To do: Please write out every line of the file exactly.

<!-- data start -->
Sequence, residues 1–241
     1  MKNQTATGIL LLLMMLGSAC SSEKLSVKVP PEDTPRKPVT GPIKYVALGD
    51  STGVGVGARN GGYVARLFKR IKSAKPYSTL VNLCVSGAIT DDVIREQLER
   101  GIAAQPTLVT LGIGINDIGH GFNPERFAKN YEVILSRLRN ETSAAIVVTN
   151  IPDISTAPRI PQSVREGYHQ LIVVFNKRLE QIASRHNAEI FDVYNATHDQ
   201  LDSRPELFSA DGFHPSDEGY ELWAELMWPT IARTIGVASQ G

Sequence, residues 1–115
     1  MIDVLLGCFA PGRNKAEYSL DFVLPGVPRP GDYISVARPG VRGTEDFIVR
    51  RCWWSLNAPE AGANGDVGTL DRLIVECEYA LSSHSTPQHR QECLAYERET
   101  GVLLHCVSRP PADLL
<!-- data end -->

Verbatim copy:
Sequence, residues 1–241
     1  MKNQTATGIL LLLMMLGSAC SSEKLSVKVP PEDTPRKPVT GPIKYVALGD
    51  STGVGVGARN GGYVARLFKR IKSAKPYSTL VNLCVSGAIT DDVIREQLER
   101  GIAAQPTLVT LGIGINDIGH GFNPERFAKN YEVILSRLRN ETSAAIVVTN
   151  IPDISTAPRI PQSVREGYHQ LIVVFNKRLE QIASRHNAEI FDVYNATHDQ
   201  LDSRPELFSA DGFHPSDEGY ELWAELMWPT IARTIGVASQ G

Sequence, residues 1–115
     1  MIDVLLGCFA PGRNKAEYSL DFVLPGVPRP GDYISVARPG VRGTEDFIVR
    51  RCWWSLNAPE AGANGDVGTL DRLIVECEYA LSSHSTPQHR QECLAYERET
   101  GVLLHCVSRP PADLL